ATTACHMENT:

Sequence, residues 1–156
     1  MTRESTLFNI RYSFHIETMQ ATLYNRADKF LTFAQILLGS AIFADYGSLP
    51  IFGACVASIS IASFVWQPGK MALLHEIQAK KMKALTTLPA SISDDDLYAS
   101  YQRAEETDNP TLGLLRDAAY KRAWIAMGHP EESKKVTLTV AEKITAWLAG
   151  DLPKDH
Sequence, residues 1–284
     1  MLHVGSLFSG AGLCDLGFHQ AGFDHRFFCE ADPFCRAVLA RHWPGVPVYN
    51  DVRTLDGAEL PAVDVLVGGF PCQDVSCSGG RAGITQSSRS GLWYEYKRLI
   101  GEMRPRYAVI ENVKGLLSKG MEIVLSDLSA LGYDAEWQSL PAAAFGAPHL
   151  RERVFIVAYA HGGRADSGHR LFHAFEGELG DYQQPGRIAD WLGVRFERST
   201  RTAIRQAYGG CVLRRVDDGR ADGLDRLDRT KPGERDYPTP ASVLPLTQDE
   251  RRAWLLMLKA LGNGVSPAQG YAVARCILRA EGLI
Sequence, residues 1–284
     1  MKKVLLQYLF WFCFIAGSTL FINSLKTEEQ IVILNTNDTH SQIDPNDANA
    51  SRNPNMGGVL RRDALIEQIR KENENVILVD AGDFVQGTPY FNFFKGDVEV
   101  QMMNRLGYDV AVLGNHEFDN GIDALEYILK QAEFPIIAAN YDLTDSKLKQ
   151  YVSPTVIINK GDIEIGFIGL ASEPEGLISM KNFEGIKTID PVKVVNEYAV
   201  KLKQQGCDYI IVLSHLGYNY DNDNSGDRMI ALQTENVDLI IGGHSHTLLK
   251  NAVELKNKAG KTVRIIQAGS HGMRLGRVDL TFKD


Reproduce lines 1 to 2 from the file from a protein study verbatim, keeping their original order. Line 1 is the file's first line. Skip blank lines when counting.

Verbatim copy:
Sequence, residues 1–156
     1  MTRESTLFNI RYSFHIETMQ ATLYNRADKF LTFAQILLGS AIFADYGSLP